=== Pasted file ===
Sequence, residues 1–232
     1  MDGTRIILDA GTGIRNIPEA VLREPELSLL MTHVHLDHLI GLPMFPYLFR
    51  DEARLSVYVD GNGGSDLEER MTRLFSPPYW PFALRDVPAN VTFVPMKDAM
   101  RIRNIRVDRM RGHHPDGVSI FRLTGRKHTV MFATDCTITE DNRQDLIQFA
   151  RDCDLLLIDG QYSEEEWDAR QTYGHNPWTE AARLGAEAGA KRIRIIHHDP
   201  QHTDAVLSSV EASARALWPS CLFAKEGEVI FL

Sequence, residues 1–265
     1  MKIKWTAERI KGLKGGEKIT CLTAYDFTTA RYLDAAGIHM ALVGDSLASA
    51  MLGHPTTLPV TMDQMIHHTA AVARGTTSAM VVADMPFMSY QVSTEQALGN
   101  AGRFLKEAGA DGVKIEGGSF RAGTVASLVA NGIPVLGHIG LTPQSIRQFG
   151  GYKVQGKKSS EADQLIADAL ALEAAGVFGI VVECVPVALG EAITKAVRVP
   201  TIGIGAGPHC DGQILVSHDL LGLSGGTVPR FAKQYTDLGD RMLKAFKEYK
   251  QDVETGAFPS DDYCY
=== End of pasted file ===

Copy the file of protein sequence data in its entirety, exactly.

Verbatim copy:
Sequence, residues 1–232
     1  MDGTRIILDA GTGIRNIPEA VLREPELSLL MTHVHLDHLI GLPMFPYLFR
    51  DEARLSVYVD GNGGSDLEER MTRLFSPPYW PFALRDVPAN VTFVPMKDAM
   101  RIRNIRVDRM RGHHPDGVSI FRLTGRKHTV MFATDCTITE DNRQDLIQFA
   151  RDCDLLLIDG QYSEEEWDAR QTYGHNPWTE AARLGAEAGA KRIRIIHHDP
   201  QHTDAVLSSV EASARALWPS CLFAKEGEVI FL

Sequence, residues 1–265
     1  MKIKWTAERI KGLKGGEKIT CLTAYDFTTA RYLDAAGIHM ALVGDSLASA
    51  MLGHPTTLPV TMDQMIHHTA AVARGTTSAM VVADMPFMSY QVSTEQALGN
   101  AGRFLKEAGA DGVKIEGGSF RAGTVASLVA NGIPVLGHIG LTPQSIRQFG
   151  GYKVQGKKSS EADQLIADAL ALEAAGVFGI VVECVPVALG EAITKAVRVP
   201  TIGIGAGPHC DGQILVSHDL LGLSGGTVPR FAKQYTDLGD RMLKAFKEYK
   251  QDVETGAFPS DDYCY